It's no joke: Apple, Inc. turns 35 today.
On April 1, 1976, Steve Jobs, Steve Wozniak and Ronald Wayne (who 12 days later sold his share of the startup for a meager US$2,300) founded Apple Computer. As a newborn, Apple intended to sell low-cost, hand-manufactured microcomputer components to fellow members of the local Homebrew Computer Club. [Ron Wayne will be appearing on Fox Business News this afternoon at 3:30 PM to talk about his early Apple experiences. –Ed.]
Not satisfied with selling a few parts to a handful of enthusiasts, a persistent Steve Jobs pitched Apple's products to Paul Terrell, owner of a newly founded computer store in Mountain View, CA, called "Byte Shop." After a few exposures to Jobs' reality distortion field, Terrell agreed to an order of 50 fully assembled Apple I personal computers from the infant company. The two Steves, with a bit of help from their friends (and funded by the sale of a few prized possessions and a favorable loan from a parts supplier) assembled the company's first 50 machines. Together with Byte Shop, Apple put the original machines up for sale at $666.66 each, lighting the match that would later ignite the personal computer revolution.
From those humble beginnings, Apple experienced a bright childhood filled with Apple II's and Macs. The company followed its early success with some incredibly dark and tormented teenaged years riddled with Performas, Pippins and other ill-fated missteps.
Fortunately, at age 21, Apple reunited with Jobs who once again began to work his magic and returned the company to industry-leading status. Since then, the company formerly known as Apple Computer -- which, like any successful celebrity, legally dropped its last name to become Apple, Inc. -- has taken the lead in reinventing digital music with the iPod and iTunes, transforming mobile phones with the iPhone and App Store and setting new standards for portable computing with the iPad. What started as a small order of 50 Apple I's 35 years ago has grown into a US$65 billion per year business with adoring fans around the globe.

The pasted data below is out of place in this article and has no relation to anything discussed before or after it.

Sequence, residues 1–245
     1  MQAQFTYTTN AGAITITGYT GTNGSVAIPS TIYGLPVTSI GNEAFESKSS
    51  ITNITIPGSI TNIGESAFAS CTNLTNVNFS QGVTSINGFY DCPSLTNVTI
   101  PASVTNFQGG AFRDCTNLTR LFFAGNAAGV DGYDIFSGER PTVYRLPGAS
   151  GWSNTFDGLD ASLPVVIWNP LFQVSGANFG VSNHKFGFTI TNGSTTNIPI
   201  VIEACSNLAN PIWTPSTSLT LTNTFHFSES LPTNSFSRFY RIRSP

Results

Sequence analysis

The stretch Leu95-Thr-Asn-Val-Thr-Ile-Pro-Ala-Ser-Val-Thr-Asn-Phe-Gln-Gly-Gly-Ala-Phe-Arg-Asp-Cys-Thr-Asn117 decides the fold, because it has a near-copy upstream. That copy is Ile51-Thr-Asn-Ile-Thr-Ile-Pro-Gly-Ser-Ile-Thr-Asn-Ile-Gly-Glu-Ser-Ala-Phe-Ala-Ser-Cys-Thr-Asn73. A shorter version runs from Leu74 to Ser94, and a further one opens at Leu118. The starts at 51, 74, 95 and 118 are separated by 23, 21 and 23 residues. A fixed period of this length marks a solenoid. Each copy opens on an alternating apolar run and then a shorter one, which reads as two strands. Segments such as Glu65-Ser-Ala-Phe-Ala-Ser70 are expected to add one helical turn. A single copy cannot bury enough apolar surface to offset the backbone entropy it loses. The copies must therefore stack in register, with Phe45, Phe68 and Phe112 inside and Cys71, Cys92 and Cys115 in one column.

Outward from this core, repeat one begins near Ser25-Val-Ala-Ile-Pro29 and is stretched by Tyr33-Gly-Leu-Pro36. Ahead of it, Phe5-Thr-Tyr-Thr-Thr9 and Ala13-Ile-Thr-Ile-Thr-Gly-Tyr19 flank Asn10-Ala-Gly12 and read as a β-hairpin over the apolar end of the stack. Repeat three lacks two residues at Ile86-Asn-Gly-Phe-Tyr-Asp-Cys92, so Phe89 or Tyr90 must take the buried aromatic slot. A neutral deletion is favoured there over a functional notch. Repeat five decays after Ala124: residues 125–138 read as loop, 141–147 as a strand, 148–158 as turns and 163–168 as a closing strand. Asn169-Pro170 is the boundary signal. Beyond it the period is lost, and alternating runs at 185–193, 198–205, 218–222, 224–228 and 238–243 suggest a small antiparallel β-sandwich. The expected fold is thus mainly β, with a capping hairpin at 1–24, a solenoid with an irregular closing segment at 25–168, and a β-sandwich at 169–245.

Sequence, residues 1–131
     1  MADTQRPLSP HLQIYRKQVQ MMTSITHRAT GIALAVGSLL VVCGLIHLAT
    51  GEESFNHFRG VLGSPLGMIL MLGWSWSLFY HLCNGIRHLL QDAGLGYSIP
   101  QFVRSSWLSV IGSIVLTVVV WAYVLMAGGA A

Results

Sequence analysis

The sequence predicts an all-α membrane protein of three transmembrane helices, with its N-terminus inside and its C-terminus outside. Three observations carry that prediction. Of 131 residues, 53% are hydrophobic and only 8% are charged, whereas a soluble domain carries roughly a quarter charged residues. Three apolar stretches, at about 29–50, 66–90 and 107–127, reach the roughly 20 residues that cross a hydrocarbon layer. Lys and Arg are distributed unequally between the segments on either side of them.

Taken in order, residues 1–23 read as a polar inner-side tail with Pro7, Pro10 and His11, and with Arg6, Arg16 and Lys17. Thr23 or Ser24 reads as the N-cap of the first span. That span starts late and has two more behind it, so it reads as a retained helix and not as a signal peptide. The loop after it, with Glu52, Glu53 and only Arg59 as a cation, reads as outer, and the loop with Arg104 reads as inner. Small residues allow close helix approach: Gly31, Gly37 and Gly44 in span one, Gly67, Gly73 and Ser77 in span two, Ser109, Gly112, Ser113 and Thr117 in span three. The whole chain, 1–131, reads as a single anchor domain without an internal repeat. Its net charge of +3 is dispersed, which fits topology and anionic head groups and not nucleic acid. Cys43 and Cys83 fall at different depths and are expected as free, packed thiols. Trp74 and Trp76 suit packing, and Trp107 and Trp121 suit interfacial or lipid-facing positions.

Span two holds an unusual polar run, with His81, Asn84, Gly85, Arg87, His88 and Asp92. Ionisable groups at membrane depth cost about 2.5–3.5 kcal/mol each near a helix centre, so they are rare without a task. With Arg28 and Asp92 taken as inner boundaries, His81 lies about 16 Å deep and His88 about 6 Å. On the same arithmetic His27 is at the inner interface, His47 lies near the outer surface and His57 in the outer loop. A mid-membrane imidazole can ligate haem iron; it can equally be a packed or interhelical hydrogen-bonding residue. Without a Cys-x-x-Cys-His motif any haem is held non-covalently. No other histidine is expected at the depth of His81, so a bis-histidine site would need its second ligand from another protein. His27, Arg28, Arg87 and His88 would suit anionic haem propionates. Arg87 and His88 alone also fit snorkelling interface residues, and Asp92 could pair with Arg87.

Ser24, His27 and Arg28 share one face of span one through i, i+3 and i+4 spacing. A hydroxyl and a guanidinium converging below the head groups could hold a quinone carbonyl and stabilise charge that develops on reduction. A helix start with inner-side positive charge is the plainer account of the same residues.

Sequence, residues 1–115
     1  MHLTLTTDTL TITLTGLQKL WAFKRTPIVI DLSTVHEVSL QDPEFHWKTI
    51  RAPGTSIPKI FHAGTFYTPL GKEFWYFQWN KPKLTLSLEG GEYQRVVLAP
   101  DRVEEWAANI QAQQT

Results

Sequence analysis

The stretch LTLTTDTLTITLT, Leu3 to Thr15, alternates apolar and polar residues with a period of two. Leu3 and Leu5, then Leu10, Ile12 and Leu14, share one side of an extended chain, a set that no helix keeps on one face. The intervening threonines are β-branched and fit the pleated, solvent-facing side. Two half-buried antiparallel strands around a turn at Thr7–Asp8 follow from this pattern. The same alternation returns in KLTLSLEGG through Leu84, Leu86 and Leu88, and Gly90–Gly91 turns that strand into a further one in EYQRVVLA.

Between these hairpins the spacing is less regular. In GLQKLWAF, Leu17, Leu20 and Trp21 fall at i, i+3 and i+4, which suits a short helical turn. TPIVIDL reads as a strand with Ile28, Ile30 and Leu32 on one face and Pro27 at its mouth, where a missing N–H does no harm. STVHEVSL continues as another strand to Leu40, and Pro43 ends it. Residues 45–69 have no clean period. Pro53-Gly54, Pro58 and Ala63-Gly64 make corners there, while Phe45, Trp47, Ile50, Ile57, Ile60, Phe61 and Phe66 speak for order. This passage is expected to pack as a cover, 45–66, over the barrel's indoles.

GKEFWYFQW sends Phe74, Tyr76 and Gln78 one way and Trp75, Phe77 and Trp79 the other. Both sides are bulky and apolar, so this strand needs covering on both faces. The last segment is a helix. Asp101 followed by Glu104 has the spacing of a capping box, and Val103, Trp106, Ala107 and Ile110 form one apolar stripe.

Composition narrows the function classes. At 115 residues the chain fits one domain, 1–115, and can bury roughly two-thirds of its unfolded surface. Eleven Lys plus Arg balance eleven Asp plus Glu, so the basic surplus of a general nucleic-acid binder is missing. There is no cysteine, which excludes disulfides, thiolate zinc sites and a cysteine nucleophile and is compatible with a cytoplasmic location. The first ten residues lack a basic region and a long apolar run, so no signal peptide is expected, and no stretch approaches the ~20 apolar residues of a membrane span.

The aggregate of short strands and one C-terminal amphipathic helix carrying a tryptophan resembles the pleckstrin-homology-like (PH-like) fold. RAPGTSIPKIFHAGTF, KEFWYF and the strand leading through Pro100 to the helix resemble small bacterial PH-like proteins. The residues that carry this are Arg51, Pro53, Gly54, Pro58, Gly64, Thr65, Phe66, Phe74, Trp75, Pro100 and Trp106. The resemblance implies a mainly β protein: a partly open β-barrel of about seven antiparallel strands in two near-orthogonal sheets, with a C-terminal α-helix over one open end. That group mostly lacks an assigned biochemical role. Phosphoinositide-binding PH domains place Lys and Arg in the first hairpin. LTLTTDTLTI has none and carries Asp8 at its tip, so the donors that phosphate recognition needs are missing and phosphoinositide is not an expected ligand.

In a world without the two Steves and the forward-thinking owner of Byte Shop, we here at TUAW wouldn't have much to write about -- or maybe we'd be The Unofficial Linux Blog (TULB?) instead. Yikes! Let's not think about that; we're all much happier writing about Macs, iPods, iPhones and iPads. Also, we here at TUAW love any excuse to enjoy a delicious cake and celebratory merriment. So, from all of us here in the TUAW compound: happy 35th birthday Apple, Inc.! We congratulate you on surviving all these years and hope to see you for (at least) 35 more.
Oh, and now that you're old enough, any plans to run for president in 2012?